The payments disruptor is down 56% compared to the S&P’s loss of 29%. Why is Square faring twice as bad as the rest of the market in this sell-off?
2020 was looking to be a great year for Square (NYSE:SQ). They had grown their valuation by 34%, they posted growth across all sectors for 2019, its Cash App narrowed the gap in users to its main competitor, Paypal’s (NASDAQ:PYPL) Venmo, and the stock had reached its highest point since October 2018.
That was until the fastest bear market in history occurred.
While a select few stocks remain immune to the coronavirus, the vast majority saw a significant sell-off. Few more so than Square, which has seen its valuation cut by 56% in the space of a month. Why has the stock taken such a hit?
The effect on small businesses
The primary concern for many investors is the oncoming recession which the coronavirus looks set to cause. As traditional retailers, restaurants, theatres, and factories are being forced to shut down, the dreaded ‘R’ word is looking more and more likely. While this will obviously have an effect on all businesses, there is a certain subsection that will feel the impact more than most: small, independently-owned businesses. The same type of companies that Square built its business on, the mom-and-pop shops, the independent retailers, and the pop-ups are the ones most likely to lose it all as shelter-in-place orders are being administered across the U.S.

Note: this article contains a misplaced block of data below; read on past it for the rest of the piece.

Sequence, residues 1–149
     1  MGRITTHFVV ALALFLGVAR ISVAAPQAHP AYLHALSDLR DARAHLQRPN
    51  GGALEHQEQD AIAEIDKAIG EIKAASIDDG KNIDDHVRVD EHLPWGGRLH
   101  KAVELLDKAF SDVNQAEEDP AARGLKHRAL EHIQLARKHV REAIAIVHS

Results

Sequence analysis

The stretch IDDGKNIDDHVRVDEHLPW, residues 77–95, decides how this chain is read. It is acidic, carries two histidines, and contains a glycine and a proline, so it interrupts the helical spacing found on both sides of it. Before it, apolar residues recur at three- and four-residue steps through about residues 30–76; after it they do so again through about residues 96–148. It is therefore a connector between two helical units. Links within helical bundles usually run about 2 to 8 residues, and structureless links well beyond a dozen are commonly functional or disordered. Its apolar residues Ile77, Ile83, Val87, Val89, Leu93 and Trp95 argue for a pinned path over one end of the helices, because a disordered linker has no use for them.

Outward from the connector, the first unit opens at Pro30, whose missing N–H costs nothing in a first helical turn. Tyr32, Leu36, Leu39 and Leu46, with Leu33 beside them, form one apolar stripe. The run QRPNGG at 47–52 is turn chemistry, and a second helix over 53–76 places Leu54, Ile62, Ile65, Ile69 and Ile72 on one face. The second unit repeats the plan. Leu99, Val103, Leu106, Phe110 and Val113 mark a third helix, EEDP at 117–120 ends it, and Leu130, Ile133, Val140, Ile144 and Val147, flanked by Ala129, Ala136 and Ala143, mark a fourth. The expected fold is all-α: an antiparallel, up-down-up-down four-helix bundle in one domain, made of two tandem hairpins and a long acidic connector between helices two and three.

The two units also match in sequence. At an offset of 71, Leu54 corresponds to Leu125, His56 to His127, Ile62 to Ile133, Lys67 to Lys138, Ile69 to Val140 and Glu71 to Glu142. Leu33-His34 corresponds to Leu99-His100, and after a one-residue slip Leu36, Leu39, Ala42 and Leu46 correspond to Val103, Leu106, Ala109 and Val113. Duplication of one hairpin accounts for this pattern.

CEO Jack Dorsey, who also has a side gig running Twitter (NYSE:TWTR), and co-founder Jim McKelvey formed Square as a solution for these small businesses who couldn’t, at the time, accept credit card payments. They are the foundation of this multi-billion dollar payments processor. As these businesses are forced to lock their doors, the sad fact is that many will not be around to reopen them by the time this virus passes. Much like Square, Visa (NYSE:V) and Mastercard (NYSE:MA) have also seen a sharp decline in value due to the virus as investors see an extended dip in gross payment volume. However, their recovery will be much faster due to their lack of exposure to at-risk businesses.
The fact of the matter is that Square’s seller ecosystem, which it has cultivated for years, will take a big hit over the next few months, and it will take a considerable time to rebuild it.
What does the future hold for Square?
Square had over $1 billion in cash at the end of 2019 — money it will need for the tough times ahead. However, I see this point in Square’s trajectory as a very large speed bump rather than a roadblock. Their cash reserves, diversified product offerings, strong leadership, and disruptive technology have not evaporated overnight. It also just received approval to operate as a bank from 2021, which will only add to its range of services.
We’re big fans of Square here at MyWallSt. This remains the same business it was in January, and for those investing with a long-term mindset, this could be the opportunity to pick up a solid company at a discount.
MyWallSt operates a full disclosure policy. MyWallSt staff currently hold long positions in companies mentioned above. Read our full disclosure policy here.